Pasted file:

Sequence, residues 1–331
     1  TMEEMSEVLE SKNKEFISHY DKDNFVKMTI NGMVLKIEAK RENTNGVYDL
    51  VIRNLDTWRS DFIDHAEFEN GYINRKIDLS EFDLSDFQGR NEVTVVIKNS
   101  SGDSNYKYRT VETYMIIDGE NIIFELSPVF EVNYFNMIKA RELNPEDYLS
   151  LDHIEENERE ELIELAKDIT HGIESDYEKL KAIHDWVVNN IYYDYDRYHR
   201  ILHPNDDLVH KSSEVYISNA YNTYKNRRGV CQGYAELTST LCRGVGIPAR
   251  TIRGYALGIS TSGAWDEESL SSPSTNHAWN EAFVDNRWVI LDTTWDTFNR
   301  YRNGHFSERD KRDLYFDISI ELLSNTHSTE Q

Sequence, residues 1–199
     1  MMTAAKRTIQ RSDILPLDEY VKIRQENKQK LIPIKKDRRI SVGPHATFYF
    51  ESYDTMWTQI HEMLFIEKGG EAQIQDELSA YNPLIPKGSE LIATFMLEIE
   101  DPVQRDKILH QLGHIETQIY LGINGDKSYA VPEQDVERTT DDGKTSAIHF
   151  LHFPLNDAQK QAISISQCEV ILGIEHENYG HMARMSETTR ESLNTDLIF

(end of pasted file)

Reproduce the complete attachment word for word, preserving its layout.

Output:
Sequence, residues 1–331
     1  TMEEMSEVLE SKNKEFISHY DKDNFVKMTI NGMVLKIEAK RENTNGVYDL
    51  VIRNLDTWRS DFIDHAEFEN GYINRKIDLS EFDLSDFQGR NEVTVVIKNS
   101  SGDSNYKYRT VETYMIIDGE NIIFELSPVF EVNYFNMIKA RELNPEDYLS
   151  LDHIEENERE ELIELAKDIT HGIESDYEKL KAIHDWVVNN IYYDYDRYHR
   201  ILHPNDDLVH KSSEVYISNA YNTYKNRRGV CQGYAELTST LCRGVGIPAR
   251  TIRGYALGIS TSGAWDEESL SSPSTNHAWN EAFVDNRWVI LDTTWDTFNR
   301  YRNGHFSERD KRDLYFDISI ELLSNTHSTE Q

Sequence, residues 1–199
     1  MMTAAKRTIQ RSDILPLDEY VKIRQENKQK LIPIKKDRRI SVGPHATFYF
    51  ESYDTMWTQI HEMLFIEKGG EAQIQDELSA YNPLIPKGSE LIATFMLEIE
   101  DPVQRDKILH QLGHIETQIY LGINGDKSYA VPEQDVERTT DDGKTSAIHF
   151  LHFPLNDAQK QAISISQCEV ILGIEHENYG HMARMSETTR ESLNTDLIF